Salivary Proteomics in the Discovery of Oral Cancer Biomarkers

Analysis of DNA, RNA, and proteins in the saliva of OSCC subjects raises the sensitivity index of these components to serve as the potential biomarkers. The various methods used for the analysis of salivary proteomics include capillary reversed-phase liquid chromatography with quadrupole–time-of-flight mass spectrometry, multianalyte profiling technology shotgun proteomics on the basis of reverse-phase liquid chromatography, and human genome-microarrays to prepare a profile of salivary transcriptome.

Saliva of oral cancer subjects and healthy controls has shown difference in proteomic signatures may be used as characteristic biomarkers. Moreover, a large group of mRNAs can be identified in the saliva which can be utilized by a unique diagnostic modality, popularly known as salivary transcriptome diagnostics. The mRNA markers in saliva are the transcripts of interleukin-1, interleukin-8, and dual specificity protein phosphate 1. These composite biomarkers possess high sensitivity and specificity in distinguishing OSCC subjects from the healthy controls. Furthermore, microarray analysis can be used to scrutinize different levels of genetic expression between oral cancer patients and healthy controls.[1,14]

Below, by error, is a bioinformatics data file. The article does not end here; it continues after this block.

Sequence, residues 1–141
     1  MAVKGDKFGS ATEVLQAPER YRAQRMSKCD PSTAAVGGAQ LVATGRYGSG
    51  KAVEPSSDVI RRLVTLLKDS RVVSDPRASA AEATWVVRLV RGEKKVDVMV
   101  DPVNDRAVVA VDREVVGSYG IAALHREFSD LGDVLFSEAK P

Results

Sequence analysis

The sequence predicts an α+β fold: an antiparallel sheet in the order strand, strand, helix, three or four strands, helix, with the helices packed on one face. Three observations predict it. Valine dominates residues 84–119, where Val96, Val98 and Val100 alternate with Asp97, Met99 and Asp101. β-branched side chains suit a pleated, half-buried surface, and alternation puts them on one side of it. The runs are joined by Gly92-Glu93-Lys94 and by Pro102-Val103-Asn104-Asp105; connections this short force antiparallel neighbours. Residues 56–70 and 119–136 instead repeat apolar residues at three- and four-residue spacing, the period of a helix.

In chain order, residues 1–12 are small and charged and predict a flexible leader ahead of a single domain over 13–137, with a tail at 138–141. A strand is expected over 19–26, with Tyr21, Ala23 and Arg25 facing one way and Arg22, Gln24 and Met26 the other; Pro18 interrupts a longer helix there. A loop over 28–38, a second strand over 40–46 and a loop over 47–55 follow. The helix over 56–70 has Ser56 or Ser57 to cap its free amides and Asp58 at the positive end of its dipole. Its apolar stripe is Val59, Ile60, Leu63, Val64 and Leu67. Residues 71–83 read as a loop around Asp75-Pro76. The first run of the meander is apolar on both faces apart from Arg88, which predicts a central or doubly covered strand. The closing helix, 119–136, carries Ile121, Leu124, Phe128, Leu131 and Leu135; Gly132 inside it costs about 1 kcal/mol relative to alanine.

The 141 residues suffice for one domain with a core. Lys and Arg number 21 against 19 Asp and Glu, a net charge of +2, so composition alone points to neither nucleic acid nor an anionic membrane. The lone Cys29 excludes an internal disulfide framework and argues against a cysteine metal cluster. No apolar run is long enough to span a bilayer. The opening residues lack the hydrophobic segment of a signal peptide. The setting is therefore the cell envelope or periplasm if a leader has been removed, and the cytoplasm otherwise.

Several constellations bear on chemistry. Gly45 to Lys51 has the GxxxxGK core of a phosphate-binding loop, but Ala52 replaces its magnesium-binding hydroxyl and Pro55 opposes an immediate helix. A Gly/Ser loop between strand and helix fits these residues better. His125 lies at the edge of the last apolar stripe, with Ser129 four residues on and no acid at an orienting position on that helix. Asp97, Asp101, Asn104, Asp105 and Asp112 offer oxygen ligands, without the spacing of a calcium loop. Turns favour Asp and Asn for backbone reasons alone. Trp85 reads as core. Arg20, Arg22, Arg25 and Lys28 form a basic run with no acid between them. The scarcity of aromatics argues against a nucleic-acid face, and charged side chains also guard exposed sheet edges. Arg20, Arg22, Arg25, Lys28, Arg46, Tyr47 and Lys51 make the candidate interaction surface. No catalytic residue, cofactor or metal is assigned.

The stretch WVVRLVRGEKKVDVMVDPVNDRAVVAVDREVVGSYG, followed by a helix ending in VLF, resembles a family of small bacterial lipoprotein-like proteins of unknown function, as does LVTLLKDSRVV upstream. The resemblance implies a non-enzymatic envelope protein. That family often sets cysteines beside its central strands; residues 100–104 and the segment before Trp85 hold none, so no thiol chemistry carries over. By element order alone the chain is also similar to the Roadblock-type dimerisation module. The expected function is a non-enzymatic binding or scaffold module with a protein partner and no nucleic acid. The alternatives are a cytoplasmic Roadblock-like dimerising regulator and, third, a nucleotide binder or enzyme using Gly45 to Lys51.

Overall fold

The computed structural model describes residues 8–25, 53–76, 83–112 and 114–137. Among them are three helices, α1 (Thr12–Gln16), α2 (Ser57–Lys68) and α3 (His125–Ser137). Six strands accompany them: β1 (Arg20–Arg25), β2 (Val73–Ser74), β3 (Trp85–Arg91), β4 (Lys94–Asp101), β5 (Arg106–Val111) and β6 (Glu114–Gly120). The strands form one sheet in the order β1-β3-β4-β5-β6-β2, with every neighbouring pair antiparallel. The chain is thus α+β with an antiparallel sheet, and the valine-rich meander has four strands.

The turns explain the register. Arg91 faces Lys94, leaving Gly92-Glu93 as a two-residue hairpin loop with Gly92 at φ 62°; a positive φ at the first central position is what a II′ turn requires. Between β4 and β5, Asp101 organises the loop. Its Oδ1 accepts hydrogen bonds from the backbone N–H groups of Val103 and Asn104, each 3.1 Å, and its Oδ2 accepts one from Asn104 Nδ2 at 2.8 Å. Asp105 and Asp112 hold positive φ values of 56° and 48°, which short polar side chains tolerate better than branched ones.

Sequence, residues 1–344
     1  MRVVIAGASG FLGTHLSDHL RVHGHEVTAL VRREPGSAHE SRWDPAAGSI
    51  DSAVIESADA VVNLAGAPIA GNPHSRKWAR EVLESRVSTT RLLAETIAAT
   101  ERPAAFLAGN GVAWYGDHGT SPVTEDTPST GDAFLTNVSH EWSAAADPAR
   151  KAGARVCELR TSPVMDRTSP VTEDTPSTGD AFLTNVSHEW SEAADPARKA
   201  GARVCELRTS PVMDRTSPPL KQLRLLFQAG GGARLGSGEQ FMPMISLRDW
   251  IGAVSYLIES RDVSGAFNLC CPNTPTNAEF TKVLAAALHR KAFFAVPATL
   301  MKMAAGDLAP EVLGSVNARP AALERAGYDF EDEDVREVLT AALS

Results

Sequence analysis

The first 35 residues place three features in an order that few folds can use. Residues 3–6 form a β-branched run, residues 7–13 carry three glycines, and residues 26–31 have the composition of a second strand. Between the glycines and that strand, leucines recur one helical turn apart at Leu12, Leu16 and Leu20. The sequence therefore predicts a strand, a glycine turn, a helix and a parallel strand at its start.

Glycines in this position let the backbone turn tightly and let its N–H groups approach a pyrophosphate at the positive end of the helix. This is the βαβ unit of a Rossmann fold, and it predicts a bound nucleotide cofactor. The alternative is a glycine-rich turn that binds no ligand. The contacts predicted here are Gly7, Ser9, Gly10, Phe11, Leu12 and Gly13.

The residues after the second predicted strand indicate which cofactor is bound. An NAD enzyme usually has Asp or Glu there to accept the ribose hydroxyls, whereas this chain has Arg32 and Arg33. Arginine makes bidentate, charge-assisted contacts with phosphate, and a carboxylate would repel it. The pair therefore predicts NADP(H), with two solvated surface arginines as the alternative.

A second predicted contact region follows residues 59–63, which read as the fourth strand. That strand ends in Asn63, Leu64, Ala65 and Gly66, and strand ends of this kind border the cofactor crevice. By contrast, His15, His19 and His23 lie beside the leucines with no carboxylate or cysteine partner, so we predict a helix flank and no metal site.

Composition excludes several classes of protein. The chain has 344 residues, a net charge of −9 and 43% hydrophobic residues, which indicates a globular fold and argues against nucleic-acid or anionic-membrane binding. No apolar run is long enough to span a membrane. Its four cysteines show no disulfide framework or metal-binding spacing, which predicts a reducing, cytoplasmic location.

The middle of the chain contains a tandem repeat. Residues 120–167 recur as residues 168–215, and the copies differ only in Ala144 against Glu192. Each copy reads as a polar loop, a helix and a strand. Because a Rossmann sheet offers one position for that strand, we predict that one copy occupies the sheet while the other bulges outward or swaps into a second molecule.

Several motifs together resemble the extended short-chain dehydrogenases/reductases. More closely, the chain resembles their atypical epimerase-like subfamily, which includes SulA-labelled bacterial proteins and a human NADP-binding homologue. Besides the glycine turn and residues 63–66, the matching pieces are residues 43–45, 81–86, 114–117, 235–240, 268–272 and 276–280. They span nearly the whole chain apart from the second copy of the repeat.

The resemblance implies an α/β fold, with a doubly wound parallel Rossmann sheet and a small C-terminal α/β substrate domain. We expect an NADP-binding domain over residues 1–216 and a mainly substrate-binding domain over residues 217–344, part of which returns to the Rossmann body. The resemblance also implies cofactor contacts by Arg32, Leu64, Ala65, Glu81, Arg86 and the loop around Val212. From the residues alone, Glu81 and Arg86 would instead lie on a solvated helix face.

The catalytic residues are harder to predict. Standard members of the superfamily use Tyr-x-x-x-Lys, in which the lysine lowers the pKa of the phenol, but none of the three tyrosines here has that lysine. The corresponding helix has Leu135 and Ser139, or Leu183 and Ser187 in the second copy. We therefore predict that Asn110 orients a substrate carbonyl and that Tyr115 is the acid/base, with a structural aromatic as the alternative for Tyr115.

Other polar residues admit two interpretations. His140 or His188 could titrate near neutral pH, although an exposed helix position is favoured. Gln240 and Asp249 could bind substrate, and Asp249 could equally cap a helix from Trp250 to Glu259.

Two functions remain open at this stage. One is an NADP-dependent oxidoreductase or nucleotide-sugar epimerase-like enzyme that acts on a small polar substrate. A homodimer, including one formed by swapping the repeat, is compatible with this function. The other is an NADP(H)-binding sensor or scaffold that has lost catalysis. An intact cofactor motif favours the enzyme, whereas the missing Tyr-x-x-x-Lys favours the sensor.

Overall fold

Salivary Oxidative Profile in OSCC

Stress alters the salivary composition in OSCC patients. Reactive oxygen species (ROS) and reactive nitrogen species (RNS) levels increases, whereas salivary antioxidants level gradually goes down in oral cancer patients. Apart from their relevance in the diagnosis, these salivary alterations throw light on the disease pathogenesis as well. The presence of both ROS and RNS at higher levels in the saliva may be the cause for consumption of salivary antioxidant systems, thereby leading to the extirpative destruction of the nucleic acids and proteins. The appearance of oxidized proteins in the oral fluid indicates a correlation between salivary antioxidants and oral cancer. Almadori et al. further investigated the glutathione and uric acid levels in the saliva of OSCC patients. They found that ureate and glutathione levels in saliva were quite high in oral cancer patients and suggested that it may serve as an epidemiological marker for identifying the oral cancer subjects, for follow-up, and chemoprevention also.[1,2,15]